Abstract of Article by Ananda Abeysekara entitled “Buddhism and ‘Influence’: The Temporality of a Concept” Qui Parle, 2019, Vol. 28, no. 1, pp. 1-75.
For almost three decades the concept of “Protestant Buddhism” has been the object of critique by numerous scholars such as John Holt, Charles Hallisey, Anne Blackburn, Erik Braun, Alicia Turner, Steven Kemper, and others. They claim to tell a different story about the relation between religion and modernity (“Protestantism”) in South Asia. By extension, these scholars seek to reconstruct the temporal relation between the past and the present, questioning postcolonial conceptions of history, time, and religious practice. But this story of temporality is staked on the question of “influence,” which has a genealogy that includes not just colonial, missionary, liberal politics but also contemporary legal-political questions about foreign influence on democracy and sovereignty. This article contests the ways in which the critiques of Protestant Buddhism conceptualize colonial and postcolonial forms of time, translated into universal forms of self, agency, responsibility, etc. The article argues that the question of influence, which animates parts of the story of secular ways of inhabiting time, obscures not just how the encounter with the temporality of a tradition is an encounter with power. It obscures how even modern sensibilities of inhabiting time, ironically, require coherence even as they are repeatedly said to be constituted by “heterogeneous” forms of everyday life.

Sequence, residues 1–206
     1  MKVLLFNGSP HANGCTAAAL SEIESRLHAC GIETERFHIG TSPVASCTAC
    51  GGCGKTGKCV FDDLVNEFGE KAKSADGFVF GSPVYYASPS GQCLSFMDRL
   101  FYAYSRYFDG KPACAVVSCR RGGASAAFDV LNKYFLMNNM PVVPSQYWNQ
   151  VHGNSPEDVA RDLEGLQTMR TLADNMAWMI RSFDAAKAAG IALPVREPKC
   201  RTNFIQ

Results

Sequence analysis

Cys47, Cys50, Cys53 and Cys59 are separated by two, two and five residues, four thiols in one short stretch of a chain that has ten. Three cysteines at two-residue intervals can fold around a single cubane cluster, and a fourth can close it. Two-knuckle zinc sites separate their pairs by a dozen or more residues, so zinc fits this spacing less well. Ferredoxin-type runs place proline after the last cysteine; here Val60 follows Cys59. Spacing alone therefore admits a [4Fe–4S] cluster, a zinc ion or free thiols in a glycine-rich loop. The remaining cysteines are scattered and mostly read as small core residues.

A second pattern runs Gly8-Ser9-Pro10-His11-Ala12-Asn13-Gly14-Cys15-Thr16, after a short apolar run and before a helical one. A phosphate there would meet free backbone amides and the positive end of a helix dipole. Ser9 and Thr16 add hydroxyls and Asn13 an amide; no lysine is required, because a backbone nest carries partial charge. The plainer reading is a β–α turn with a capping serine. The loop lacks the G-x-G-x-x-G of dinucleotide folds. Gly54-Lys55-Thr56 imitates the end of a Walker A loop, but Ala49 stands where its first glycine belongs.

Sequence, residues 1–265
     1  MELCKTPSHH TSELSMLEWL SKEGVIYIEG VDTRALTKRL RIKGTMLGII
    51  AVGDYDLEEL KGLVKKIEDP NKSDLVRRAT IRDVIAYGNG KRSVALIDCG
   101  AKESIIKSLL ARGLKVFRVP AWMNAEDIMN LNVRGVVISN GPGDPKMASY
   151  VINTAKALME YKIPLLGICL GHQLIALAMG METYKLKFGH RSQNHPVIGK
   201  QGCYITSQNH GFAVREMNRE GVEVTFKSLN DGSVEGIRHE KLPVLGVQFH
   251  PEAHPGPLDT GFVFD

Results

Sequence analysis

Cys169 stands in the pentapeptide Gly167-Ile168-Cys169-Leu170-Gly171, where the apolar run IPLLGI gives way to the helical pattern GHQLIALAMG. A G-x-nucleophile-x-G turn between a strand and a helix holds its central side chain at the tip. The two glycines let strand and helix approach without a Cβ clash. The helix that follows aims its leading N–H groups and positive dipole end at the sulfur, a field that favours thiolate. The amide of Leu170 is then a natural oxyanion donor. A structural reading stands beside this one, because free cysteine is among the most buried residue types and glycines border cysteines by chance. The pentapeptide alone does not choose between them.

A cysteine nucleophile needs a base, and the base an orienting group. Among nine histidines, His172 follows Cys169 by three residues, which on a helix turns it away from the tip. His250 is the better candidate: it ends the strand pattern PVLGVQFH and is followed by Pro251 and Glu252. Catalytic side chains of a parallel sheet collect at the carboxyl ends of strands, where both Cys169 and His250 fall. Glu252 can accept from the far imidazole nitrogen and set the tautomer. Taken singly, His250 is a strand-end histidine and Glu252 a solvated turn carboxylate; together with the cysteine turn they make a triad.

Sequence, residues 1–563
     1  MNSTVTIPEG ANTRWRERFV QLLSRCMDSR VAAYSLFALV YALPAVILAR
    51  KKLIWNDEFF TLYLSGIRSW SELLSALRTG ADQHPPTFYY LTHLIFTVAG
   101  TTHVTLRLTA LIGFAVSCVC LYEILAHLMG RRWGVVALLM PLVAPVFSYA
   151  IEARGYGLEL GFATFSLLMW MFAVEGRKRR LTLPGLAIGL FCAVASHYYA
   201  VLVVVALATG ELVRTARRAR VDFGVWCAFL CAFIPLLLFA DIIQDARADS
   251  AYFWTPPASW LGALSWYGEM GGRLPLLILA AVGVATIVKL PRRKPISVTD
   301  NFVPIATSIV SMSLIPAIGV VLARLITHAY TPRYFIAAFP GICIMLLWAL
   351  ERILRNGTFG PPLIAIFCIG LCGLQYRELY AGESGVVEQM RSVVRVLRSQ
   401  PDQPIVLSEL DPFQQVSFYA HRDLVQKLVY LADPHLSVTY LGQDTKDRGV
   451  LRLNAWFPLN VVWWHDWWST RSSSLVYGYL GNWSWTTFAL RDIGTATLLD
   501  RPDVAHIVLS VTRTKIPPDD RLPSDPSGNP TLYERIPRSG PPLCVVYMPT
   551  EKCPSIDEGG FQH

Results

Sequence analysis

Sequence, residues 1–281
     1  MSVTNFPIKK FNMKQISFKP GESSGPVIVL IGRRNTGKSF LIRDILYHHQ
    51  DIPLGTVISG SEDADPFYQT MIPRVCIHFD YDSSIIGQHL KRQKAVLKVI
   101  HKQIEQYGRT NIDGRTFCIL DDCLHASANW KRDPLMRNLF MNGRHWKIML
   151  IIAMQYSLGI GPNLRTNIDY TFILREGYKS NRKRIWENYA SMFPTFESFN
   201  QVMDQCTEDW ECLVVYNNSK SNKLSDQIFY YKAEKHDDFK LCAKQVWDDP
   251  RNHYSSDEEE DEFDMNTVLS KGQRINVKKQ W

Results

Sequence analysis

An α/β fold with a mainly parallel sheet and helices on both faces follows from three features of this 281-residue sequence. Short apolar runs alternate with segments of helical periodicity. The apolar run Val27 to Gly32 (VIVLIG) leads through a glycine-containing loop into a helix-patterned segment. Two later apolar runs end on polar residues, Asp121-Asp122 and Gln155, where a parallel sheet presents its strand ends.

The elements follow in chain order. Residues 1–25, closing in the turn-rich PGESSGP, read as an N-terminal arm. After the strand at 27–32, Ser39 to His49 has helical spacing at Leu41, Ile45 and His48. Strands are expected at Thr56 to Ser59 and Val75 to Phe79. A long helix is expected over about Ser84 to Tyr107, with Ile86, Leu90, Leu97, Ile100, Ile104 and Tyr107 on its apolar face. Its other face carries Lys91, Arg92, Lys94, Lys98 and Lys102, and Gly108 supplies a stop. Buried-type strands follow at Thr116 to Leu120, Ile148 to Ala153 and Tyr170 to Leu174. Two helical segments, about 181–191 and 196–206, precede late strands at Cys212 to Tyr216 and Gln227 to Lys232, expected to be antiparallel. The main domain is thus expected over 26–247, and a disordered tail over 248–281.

FOR full article visit…..https://www.academia.edu/36110844/Protestant_Buddhism_and_Influence_The_Temporality_of_a_Concept
Bio-Data at Virginia Tech Web Site:
My research and teaching have to do with Theravada Buddhism, Sri Lanka, South Asia, tradition, religion, and politics, religious practice and temporality, religion and secularism, political theories of sovereignty and state, liberal tradition and secular dispositions. In particular, I want to think about the question of religion by way of thinking about the “limits” of a tradition against the backdrop of the ensemble of modern social-political life. My focus is on how the secular notions of time—connected with modern ideas of capacity, sensibility, emotion, body, etc.—remain inadequate to grasp how temporality and the form-of-life work in a tradition, marked by a tension between moment and destiny (kairos and chronos), between what begins and what passes away, between decisive action and repetition of practice.
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